Developing with different browsers

Working in a company which has a variety of customers all using different technologies creates multiple challenges when developing day to day.

One of those in particular that affects me the most is the different browsers that are used.

With over 30 + different versions of Chrome, 11 + major versions of Internet Explorer, Edge and not to mention Firefox, it means that every website is different.

Below I will give a brief breakdown of the different approaches I take to working with specific browsers, firstly starting with my preferred choice of browser to develop with, Chrome.

Google Chrome

google chrome logo

Developing with chrome is, I feel, the cleanest and least time-consuming, in particular when developing UI-based functionality.

Here is where I can make sure everything is working to the best it can be without having to worry about “will this CSS selector be compatible with this particular browser”.

Chrome also provides multiple add-ons etc, which can be added within the development and testing process. For example, de-bugging extensions which I can connect to my IDE and debug within the browser.

Mozilla Firefox

Once I have finished developing (in Chrome), I then tend to switch to Firefox and give everything the once over. For a lot of people, Firefox is their preferred choice of browser, it is up to the individual.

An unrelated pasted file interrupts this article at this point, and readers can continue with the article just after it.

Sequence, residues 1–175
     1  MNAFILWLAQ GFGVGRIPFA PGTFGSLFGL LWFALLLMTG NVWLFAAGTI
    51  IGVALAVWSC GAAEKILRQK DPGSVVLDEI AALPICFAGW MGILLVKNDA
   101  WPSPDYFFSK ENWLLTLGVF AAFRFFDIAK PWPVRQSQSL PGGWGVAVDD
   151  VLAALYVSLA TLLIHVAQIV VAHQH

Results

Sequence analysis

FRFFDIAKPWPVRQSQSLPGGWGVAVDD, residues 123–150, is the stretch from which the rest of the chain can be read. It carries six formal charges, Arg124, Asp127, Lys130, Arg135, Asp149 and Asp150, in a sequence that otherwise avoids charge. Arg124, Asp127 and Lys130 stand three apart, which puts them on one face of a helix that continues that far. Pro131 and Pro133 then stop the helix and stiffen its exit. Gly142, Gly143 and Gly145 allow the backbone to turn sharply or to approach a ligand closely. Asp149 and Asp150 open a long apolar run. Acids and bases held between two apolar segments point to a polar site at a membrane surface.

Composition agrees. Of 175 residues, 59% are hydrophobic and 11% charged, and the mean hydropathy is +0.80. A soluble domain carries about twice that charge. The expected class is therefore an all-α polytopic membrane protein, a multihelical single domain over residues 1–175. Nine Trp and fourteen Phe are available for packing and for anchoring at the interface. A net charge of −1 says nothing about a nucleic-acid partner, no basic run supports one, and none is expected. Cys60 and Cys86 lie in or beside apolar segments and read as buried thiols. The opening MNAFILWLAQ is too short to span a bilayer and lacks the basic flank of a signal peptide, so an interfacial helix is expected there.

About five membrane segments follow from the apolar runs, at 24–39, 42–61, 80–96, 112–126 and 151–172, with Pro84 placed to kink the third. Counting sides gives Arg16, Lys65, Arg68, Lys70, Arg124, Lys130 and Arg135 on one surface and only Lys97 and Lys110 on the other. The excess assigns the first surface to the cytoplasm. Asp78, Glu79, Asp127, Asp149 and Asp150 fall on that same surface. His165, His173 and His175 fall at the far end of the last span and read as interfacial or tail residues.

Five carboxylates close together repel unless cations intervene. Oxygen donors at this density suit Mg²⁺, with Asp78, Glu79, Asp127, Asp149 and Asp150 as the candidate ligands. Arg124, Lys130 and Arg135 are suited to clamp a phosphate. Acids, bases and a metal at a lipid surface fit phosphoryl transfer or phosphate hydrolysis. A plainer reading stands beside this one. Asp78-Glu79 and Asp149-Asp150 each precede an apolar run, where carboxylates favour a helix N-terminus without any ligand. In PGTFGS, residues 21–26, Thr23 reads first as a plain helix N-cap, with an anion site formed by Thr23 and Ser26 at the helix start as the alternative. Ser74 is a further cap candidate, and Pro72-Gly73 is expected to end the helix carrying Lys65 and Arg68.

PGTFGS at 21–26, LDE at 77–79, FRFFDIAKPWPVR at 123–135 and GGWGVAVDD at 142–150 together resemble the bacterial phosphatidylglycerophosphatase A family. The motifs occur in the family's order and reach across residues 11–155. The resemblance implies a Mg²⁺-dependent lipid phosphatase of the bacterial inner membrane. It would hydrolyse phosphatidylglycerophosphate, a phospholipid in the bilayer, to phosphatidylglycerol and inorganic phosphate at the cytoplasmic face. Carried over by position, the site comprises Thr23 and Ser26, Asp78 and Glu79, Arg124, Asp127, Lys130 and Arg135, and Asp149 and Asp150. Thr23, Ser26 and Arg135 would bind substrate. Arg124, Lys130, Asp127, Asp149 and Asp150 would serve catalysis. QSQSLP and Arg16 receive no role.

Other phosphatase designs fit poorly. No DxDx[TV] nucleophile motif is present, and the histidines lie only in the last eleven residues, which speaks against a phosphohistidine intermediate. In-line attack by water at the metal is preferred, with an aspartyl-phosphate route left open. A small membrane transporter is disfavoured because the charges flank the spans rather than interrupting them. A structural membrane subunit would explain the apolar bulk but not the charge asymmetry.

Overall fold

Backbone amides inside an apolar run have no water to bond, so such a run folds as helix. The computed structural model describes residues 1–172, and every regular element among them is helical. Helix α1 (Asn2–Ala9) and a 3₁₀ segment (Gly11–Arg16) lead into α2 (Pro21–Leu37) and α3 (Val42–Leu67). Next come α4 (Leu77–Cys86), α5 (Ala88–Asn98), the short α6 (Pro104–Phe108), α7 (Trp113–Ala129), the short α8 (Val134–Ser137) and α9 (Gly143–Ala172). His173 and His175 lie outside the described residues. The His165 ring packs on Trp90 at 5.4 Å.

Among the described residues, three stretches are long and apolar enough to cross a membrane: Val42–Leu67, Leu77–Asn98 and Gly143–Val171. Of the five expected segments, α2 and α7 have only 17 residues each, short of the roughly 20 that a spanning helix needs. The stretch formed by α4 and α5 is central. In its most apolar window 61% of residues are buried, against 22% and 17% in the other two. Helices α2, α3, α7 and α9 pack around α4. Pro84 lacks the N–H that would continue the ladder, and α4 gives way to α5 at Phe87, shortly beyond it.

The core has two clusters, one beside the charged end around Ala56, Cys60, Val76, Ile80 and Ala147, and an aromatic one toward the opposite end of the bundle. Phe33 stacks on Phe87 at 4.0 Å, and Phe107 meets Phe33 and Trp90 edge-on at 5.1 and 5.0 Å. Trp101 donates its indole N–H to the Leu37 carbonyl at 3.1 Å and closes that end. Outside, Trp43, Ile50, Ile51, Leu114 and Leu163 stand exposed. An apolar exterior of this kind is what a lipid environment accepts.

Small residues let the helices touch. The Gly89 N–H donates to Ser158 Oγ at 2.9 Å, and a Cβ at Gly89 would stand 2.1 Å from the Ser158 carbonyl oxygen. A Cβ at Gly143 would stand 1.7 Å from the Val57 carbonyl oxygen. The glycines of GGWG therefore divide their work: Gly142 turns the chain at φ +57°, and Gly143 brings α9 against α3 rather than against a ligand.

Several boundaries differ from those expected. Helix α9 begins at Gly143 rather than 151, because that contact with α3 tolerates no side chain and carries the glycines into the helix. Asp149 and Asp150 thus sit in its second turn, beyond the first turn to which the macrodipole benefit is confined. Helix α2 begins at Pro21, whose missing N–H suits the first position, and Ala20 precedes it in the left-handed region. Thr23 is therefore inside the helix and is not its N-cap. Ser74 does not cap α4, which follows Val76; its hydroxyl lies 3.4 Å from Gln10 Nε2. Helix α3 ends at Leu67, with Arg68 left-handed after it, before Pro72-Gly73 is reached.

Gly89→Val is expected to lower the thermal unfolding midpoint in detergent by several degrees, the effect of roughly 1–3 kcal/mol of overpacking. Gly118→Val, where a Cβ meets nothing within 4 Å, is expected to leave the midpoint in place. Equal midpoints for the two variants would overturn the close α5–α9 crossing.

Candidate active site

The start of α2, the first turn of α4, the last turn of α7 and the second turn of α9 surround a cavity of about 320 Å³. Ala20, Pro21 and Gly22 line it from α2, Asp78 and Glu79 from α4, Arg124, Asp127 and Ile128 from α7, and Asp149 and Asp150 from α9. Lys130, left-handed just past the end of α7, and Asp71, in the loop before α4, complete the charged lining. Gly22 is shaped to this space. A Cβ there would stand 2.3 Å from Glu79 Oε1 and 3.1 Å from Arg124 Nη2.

Although firefox works similarly to WebKit browsers, i.e Chrome, it actually uses a different browser engine. I have had multiple cases where a bit of CSS is interpreted differently by the browser and I have had to find a solution that suits both.

Internet Explorer

Moving onto Internet Explorer. Developing with internet explorer is the most challenging of all browsers. Although Microsoft ended its support for Internet Explorer (which has been replaced with Edge), it is still an important part of my day to day development.

I use virtual machine to develop with the older Internet Explorer versions and use a cross-browser tool to test my code against the newer versions. Developing with older versions, although more challenging, can still be fun.

Learning how the browser interprets and processes javascript means sometimes you may have to defer particular scripts, so at run time there are no timeouts.

When developing new functionality, I am always cautious to make sure my code is compatible with these browsers which, in turn, I feel improves my overall code quality.


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